And this is just a drop in the bucket compared to the real cost of having machinists leave their machines to look for tooling, fixtures, job travelers, etc. By providing all necessary items, kitted, and prepped at a machine, along with digital visual work instructions, and digital inspection forms, it’s very possible to cut 50% or more out of a typical setup time. You can read a blog post about that here, and watch a webinar about it, and download a PDF guide here.

So in summary, the real cost of paper-based workflows, and shared computers is the mostly hidden cost of lost revenue and paying your employees to walk around your shop. You want them to keep your spindles turning as often as possible and making chips! Small investments to achieve that goal will always have a very positive ROI.

Author: Paul Van Metre

When you get a new order in your job shop, the clock starts ticking. You’ll never have more lead time to get that order delivered on time than you do today.  Customers want everything faster these days, yet everything seems to take longer.  Raw materials take longer to acquire; outside process lead times are lengthening.  It’s imperative that you get things moving as soon as possible while also following a thorough and robust process for risk mitigation, contract review and order confirmation.  When we ran our shop Pro CNC for over 17 years, we continually worked to refine this process making it faster and smoother.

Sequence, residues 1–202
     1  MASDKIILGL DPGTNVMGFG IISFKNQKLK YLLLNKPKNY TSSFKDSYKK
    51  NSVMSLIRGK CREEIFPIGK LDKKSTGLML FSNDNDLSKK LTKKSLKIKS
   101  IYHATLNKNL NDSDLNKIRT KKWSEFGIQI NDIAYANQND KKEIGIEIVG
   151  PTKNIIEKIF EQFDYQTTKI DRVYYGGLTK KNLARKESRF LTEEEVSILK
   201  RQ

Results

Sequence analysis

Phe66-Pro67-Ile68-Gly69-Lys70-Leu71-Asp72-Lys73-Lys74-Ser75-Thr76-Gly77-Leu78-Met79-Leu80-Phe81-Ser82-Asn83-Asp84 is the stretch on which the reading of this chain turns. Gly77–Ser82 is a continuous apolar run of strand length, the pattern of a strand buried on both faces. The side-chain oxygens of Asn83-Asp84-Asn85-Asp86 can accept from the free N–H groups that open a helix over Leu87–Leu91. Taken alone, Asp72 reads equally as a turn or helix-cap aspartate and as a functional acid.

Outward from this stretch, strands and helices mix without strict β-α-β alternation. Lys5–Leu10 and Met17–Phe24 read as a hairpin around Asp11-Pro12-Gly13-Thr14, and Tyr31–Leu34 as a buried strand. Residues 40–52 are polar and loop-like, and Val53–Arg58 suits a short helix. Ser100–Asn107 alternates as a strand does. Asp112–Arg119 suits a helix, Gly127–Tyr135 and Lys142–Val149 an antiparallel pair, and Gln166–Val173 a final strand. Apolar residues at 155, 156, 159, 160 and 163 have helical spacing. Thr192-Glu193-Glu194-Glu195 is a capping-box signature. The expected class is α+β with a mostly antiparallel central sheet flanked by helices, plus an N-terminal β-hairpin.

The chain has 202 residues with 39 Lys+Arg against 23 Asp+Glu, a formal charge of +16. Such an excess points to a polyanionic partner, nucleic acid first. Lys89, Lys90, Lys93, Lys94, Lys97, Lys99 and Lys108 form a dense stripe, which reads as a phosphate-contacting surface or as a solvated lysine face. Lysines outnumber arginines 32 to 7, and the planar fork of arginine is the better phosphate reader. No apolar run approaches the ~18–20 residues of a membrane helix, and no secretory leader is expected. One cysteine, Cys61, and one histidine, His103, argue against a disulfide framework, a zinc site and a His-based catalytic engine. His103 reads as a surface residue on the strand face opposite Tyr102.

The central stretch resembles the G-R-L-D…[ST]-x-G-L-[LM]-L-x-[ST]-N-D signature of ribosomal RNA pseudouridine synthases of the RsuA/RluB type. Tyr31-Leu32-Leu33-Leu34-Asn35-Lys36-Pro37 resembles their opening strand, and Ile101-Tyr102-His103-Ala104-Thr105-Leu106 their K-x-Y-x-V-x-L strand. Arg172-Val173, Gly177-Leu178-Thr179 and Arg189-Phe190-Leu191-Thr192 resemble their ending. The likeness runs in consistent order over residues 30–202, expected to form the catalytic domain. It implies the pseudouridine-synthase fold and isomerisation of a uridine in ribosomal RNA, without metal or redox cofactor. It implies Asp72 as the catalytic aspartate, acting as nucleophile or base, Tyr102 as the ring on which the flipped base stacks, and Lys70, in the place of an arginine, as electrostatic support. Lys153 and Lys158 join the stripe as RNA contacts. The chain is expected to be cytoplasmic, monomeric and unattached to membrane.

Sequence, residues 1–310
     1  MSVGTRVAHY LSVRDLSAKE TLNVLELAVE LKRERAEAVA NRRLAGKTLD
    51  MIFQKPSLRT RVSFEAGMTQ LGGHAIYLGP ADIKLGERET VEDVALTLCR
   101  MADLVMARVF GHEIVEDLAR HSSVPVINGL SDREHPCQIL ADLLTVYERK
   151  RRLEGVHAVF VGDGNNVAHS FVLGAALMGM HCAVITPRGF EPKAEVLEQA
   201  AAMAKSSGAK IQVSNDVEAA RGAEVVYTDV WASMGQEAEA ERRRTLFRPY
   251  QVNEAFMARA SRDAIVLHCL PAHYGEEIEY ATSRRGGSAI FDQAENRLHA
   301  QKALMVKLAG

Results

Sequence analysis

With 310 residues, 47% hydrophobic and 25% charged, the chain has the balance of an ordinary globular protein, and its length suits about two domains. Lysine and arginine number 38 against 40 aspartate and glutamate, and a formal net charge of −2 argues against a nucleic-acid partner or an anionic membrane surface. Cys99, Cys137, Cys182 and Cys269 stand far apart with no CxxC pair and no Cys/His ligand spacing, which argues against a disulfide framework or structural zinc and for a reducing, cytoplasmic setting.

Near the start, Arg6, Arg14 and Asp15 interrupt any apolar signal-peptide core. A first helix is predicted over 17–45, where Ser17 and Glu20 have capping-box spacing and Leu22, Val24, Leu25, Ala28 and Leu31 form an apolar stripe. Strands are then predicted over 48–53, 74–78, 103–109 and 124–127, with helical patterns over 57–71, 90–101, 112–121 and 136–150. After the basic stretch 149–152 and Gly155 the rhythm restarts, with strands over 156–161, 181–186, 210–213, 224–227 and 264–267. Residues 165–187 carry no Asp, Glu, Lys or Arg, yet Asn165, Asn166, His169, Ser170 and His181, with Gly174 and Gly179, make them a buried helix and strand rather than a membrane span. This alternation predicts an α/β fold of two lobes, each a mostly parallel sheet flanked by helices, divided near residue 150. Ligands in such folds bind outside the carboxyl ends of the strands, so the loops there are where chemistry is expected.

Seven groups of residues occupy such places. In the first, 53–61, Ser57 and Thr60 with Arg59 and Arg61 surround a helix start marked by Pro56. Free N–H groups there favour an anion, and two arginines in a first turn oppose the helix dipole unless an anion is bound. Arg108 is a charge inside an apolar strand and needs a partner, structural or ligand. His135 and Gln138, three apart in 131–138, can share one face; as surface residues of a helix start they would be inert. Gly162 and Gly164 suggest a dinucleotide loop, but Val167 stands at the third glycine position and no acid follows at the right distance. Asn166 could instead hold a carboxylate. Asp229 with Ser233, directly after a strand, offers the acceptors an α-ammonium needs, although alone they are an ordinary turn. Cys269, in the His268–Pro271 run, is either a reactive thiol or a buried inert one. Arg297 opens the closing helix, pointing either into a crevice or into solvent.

The key for us was getting the order in front of the right people as fast as possible who can make the important decisions about what needs to be done now, what can wait a little bit without compromising risk, and what really needs to be vetted by others before making any decisions.  If the work is repeated and has been made in the shop before the process can be dramatically short-circuited.  If it is brand new work, it’s more critical.  Here are some key items to consider.

1 Launch every item that has a long lead time that may impact delivery. Raw materials, custom tools, special hardware or BOM items can all be on that list.  If your engineering/manufacturing departments aren’t involved with the estimating process, then it is critical for them to review the estimated plan and either confirm or change the plan.  Once this is done and specific details about those long lead time items are well defined, then get them moving.  Issue POs to your vendors on the spot or immediately after the meeting.